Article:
I wish those things existed when we were getting started. I didn’t have internships at radio companies. I didn’t get into podcasting until after college when I was working full-time in finance and still couldn’t find a job anywhere. The goal is very much to say, you shouldn’t have to work for free at a public radio station, interning and going to school at the same time, to have someone think that you’re worthy of teaching these things to. Between the free consulting and the resources, plus we just had a “pay what you want” conference in September, where people can learn from other podcast professionals on how they do this. I think our industry is stronger when more people have the tools and choices and resources to make a living their own way, and I’m not claiming our playbook is the only one, I’m just saying, this is what we do, these are the mistakes we’ve made, go make different ones.

E: I’m not claiming it’s the only playbook, but it’s working, and I don’t know who else is saying that their podcasting industry is working…I don’t know who else can say confidently that their podcast business is thriving andgrowing, and we can 100% say that.

A: We’re a stable, profitable business that employs six people and makes a living for 25 podcasters, and our community is proud of the choices we make, and I’m proud to come to work every day, and that’s something that I’m really grateful for.

What’s your advice to people who either want to start their own podcast or run a business with their spouse?

E: If you want to start a new podcast, it has to be unique. Either the subject matter, the spin on your show, or who you are should be unique. I’m not gonna tell anyone not to make a “talking about movies” podcast, because fucking 6 foot tall straight white dudes have been doing it for so long. You should also make that show and be able to say it from your own perspective. At the same time though, make sure you’re doing something different. It has to be different. Because people with massive marketing budgets get to do the basic shows. “This celebrity is going to talk about feelings” or “mental health” or “pop culture.”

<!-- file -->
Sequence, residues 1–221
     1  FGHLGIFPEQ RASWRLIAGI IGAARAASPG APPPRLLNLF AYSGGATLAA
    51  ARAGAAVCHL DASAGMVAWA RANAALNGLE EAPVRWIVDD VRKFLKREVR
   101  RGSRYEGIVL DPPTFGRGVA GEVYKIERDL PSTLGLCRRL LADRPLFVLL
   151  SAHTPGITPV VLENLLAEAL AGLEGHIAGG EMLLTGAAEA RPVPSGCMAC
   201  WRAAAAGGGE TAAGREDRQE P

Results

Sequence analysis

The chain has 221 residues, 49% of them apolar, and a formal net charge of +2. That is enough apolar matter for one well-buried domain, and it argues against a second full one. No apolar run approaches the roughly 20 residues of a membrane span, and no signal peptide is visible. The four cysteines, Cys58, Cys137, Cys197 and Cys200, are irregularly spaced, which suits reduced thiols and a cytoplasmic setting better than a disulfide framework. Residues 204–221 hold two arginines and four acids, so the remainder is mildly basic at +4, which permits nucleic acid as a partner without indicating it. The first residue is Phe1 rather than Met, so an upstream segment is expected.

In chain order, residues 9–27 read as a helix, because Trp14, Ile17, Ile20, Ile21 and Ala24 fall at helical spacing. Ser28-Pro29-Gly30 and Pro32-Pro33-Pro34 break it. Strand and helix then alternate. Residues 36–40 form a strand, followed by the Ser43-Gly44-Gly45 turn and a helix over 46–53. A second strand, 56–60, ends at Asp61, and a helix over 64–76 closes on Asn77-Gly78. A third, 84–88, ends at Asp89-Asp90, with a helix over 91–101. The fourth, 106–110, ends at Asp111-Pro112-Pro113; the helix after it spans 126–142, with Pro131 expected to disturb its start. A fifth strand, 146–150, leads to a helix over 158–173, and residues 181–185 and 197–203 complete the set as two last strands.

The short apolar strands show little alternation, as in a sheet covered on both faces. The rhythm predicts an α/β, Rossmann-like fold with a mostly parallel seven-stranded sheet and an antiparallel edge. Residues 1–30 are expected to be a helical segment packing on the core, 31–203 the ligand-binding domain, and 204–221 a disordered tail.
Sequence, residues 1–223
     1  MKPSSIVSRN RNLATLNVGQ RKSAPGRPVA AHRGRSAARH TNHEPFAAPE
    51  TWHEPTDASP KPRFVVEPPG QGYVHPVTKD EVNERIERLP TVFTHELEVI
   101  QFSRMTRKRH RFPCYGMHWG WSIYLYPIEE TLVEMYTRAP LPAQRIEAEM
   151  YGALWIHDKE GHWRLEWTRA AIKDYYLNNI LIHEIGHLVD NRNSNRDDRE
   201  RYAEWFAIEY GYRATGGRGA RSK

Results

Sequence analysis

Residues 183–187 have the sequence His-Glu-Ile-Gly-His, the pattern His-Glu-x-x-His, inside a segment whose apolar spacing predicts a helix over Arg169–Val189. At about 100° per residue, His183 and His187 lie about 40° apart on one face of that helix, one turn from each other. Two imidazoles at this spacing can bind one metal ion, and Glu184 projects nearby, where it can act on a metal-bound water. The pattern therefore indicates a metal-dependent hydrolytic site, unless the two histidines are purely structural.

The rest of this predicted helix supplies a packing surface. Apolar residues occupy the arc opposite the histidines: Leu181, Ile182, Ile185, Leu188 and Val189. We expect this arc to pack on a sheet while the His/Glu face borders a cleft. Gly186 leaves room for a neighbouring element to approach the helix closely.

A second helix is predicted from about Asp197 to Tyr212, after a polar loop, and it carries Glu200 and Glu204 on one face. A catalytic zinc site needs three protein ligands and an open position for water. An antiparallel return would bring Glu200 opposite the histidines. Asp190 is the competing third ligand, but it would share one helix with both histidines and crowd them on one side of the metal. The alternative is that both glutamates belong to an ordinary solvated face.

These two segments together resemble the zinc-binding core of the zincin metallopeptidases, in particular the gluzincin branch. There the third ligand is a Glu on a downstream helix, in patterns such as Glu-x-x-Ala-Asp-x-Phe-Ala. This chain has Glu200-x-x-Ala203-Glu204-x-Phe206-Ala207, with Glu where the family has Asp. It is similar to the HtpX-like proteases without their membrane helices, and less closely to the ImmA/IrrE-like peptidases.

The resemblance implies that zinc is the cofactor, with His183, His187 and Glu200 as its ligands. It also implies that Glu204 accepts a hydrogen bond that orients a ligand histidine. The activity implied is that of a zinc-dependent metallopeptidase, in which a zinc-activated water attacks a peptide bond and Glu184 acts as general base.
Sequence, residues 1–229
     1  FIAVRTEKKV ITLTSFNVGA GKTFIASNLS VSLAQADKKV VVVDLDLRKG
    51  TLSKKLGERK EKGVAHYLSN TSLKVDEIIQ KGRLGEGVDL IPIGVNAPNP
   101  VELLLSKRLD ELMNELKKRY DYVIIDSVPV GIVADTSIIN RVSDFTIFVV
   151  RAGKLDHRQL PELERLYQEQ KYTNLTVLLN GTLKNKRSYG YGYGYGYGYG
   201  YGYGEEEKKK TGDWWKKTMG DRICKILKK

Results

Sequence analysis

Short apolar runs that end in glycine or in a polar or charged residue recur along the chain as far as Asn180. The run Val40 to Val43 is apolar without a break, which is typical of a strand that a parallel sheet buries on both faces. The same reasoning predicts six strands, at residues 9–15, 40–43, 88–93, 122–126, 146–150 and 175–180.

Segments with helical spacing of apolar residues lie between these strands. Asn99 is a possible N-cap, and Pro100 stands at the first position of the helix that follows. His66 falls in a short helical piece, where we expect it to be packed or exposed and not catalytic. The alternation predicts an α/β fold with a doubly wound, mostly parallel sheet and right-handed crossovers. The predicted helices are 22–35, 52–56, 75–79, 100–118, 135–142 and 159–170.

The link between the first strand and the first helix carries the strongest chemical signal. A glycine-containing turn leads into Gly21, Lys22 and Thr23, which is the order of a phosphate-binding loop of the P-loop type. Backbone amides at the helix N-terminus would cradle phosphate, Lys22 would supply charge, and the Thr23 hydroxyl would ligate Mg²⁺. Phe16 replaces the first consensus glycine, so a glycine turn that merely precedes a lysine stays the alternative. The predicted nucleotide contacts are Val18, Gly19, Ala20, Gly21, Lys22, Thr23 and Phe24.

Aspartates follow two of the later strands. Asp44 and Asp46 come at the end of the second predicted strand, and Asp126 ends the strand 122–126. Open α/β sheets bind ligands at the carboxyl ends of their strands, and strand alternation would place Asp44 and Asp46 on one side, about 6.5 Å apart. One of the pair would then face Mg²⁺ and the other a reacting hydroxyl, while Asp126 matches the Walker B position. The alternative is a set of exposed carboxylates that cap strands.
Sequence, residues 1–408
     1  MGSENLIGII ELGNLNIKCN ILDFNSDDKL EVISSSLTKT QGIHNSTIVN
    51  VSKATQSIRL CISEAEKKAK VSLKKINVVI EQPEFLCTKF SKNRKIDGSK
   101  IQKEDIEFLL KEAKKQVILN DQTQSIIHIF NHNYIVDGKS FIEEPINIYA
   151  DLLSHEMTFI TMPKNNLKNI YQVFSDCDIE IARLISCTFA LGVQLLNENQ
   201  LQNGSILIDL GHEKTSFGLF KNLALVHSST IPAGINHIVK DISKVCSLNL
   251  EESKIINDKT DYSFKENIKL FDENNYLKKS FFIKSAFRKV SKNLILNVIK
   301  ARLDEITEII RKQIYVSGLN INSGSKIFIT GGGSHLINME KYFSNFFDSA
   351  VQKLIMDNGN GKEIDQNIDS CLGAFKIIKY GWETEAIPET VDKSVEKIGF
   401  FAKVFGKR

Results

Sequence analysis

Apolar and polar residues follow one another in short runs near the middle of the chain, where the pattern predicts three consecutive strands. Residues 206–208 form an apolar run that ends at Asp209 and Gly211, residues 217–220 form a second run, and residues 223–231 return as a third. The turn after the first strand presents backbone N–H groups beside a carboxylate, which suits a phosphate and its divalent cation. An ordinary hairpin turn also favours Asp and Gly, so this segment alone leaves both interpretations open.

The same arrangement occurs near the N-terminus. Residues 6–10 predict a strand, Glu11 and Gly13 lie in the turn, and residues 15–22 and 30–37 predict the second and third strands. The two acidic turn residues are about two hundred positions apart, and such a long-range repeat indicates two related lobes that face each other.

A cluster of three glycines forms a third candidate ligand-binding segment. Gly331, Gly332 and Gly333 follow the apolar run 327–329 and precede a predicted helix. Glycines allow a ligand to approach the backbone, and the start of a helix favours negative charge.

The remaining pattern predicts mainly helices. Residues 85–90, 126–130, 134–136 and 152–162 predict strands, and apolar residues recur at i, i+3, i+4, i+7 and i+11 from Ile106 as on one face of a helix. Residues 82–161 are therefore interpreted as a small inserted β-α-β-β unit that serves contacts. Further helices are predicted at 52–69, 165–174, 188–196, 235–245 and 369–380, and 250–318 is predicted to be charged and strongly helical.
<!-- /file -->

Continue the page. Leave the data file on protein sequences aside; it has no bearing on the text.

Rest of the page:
A: Maybe you’re talking about movies and you are a set decorator and talk about being a set decorator. Some angle about it has to be different, because your goal and the way podcasts actually grows is listeners say to their friends, “You won’t believe this new podcast I found, you’ll love it, it’s ABC and D.”

E: You have to be able to explain it and say it’s the one thing. It has to stand out in a way. Especially because every single niche has so many shows in it now.

A: I think that the unique Venn diagram of you is really important to lean into. I had an English degree, I was working in finance at an investment bank, and I was super into mythology and folklore and having a drink with my friend on air. And I thought, “God, I missed out on it.” I didn’t work in media, my degree is not in communications, didn’t intern where I needed to intern, and I will never make it. But it turns out that five or six years later, the thing that I do really well and that makes my value proposition to the industry useful is that I’m a creative person who worked in finance for three years! I know how how to read accounting spreadsheets, and I can put that knowledge to work for other podcasters.

Much like Eric’s first point, if you think of yourself as a hyphenate, or if your day job isn’t something that you want to do, or you know a ton about something strange and you want to make a podcast about something new, it’s a benefit to you to have diversified experience outside traditional podcasting. Whenever we post a job, the people who have worked in podcasting companies their whole careers are kind of the least interesting to me. Similarly to podcasters, bringing other parts of life to this medium and to other people is really wonderful.

E: If you have ten years of experience in podcasting, man, you have like weird experiences from whatever podcasting was like 10 years ago. This is such a fledging business or industry where the best practices probably will come from outside.

A: The best preparation for being a creator is working in or around any other kind of small business. The more that you think of yourself as having the thing you do, setting goals, making enough money, and having a product, those are all really useful things to do. During the pandemic, Evergreen – Your North Brooklyn Business Exchange was so helpful to use, with classes in support and thinking of yourself, whether you are a person who streams a couple of hours a week or writes indie games, or is a YouTuber or TikTok creator, thinking of yourself as a small business is incredibly helpful because the idea of just going viral and being popular and big on the internet forever is crushing. That’s not how it goes. Particularly because platforms are not our friends. TikTok is not there for you, it’s there to use your content to make itself profitable. Spotify is not there for me. It’s there to own all of audio and make a lot of money as it goes and not really care about what you think.